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4725.0 - Aboriginal and Torres Strait Islander Wellbeing: A focus on children and youth, Apr 2011  
Latest ISSUE Released at 11:30 AM (CANBERRA TIME) 23/05/2012  Reissue
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Contents >> Health >> What young people said about their health


HEALTH: WHAT YOUNG PEOPLE SAID ABOUT THEIR HEALTH

This article is part of a comprehensive series released as Aboriginal and Torres Strait Islander Wellbeing: A focus on children and youth.


Note: In this section, the terms 'young people' or 'youth' refer to people aged 15–24 years. Data presented are from the ABS National Aboriginal and Torres Strait Islander Social Survey, 2008 (cat. no. 4714.0) and the National Health Survey 2007–08 (cat. no. 4364.0).

KEY MESSAGES

Among all Aboriginal and Torres Strait Islander young people in 2008:
  • 58% assessed their health as excellent or very good
  • 35% had a disability or long-term health condition
  • 5% needed assistance with one or more core activities of daily living (self care, mobility and communication)
  • disability rates were higher in non-remote areas than in remote areas (37% compared with 30%)
  • 69% had experienced low or moderate levels of psychological distress and 29% had experienced high or very high levels of psychological distress.

GENERAL HEALTH

In 2008, more than half (58%) of all Aboriginal and Torres Strait Islander young people rated their health as excellent or very good, 32% rated their health as good, and 10% rated their health as fair or poor.

Among all young Aboriginal and Torres Strait Islander people in 2008:
  • males aged 15–19 years were more likely than females aged 15–19 years to report excellent or very good health (66% compared with 56%), while the male and female rates for 20–24 year olds were similar
  • excellent or very good health was reported at similar rates in non-remote and remote areas.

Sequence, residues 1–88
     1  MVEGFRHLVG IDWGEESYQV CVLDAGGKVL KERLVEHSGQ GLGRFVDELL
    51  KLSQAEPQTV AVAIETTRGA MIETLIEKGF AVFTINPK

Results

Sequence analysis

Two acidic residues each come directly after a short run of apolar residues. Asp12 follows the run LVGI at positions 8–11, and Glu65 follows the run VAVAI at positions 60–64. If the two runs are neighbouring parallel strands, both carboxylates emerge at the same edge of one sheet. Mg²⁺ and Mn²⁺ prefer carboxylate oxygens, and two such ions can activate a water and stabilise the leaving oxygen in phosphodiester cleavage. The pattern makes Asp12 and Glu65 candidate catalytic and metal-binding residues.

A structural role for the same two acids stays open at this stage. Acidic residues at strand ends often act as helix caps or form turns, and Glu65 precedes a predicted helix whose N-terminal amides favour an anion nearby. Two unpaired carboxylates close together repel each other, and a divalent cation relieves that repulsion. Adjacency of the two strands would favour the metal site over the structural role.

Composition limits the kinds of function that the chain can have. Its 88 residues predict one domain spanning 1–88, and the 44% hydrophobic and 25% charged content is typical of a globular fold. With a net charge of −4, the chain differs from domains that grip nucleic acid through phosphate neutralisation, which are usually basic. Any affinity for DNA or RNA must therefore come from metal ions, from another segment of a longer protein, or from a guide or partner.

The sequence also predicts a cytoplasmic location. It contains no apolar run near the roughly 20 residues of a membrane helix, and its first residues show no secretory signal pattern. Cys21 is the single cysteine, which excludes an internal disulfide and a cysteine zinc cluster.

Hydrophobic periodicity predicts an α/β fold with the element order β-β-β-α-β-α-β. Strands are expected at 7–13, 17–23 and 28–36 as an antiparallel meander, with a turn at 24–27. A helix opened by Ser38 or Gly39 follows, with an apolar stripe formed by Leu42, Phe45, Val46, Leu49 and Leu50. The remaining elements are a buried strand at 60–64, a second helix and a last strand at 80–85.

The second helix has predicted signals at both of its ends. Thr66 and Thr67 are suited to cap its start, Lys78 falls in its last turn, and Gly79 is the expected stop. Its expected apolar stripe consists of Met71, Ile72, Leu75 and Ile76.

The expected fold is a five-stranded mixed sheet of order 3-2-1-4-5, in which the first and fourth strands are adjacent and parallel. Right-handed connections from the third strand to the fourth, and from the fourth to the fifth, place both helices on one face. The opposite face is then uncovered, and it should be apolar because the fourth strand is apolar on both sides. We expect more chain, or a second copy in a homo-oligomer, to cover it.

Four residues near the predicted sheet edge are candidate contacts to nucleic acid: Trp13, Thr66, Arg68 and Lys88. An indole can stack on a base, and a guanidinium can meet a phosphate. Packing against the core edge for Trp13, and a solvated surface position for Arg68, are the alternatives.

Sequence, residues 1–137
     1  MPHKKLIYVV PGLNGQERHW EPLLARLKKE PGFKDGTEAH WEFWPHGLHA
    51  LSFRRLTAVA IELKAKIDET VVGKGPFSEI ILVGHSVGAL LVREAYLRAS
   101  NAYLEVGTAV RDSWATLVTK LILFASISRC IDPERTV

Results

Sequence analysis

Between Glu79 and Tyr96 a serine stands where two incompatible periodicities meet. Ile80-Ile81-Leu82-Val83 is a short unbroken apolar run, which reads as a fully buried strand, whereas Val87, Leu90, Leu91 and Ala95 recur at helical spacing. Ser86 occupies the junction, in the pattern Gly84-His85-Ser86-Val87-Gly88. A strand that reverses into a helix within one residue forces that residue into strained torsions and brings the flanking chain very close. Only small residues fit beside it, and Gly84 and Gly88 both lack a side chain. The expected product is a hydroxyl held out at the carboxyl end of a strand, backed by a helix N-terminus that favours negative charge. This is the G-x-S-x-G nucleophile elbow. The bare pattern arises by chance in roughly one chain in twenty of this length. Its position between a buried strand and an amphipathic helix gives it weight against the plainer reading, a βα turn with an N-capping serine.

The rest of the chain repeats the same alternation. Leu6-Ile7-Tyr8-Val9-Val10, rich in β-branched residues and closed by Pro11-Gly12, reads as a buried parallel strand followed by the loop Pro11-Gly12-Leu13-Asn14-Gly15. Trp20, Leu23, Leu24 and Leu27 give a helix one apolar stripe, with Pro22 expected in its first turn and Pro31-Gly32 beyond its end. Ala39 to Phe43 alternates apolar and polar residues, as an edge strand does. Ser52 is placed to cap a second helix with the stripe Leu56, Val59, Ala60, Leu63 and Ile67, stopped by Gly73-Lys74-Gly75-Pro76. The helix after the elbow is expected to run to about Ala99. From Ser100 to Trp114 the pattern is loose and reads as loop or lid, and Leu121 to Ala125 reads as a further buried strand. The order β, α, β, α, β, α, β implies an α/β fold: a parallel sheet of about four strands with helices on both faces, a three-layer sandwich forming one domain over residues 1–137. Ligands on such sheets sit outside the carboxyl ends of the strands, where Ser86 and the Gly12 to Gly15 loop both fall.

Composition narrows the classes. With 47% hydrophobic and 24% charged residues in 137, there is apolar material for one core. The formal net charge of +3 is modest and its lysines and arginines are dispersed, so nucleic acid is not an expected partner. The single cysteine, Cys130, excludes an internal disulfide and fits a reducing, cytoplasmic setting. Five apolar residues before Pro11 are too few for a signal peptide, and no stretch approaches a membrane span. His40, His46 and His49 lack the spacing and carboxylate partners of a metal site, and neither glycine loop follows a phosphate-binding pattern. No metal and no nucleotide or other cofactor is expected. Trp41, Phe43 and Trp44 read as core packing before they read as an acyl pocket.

DISABILITY AND LONG-TERM HEALTH CONDITIONS

In the 2008 NATSISS, respondents were asked if they had a disability (one or more restrictions) or a long-term health condition that had lasted, or was expected to last, for six months or more. Those that did were also asked if they needed help with one or more activities of daily living (self care, mobility and communication).

In 2008, just over one-third (35%) of Aboriginal and Torres Strait Islander young people had a disability or a long-term health condition and one in twenty (5%) needed assistance with one or more core activities of daily living. Disability rates were higher among youth living in non-remote areas than in remote areas (37% compared with 30%).

Information on specific restrictions reported by Aboriginal and Torres Strait Islander young people showed that:
  • males were more likely than females to have reported difficulty learning or understanding things (11% compared with 7%)
  • females were more likely than males to have reported a nervous or emotional condition (7% compared with 3%)
  • difficulty learning or understanding things was a more common restriction in non-remote areas than in remote areas (11% compared with 4%)
  • hearing problems were more common in remote areas than in non-remote areas (8% compared with 3%).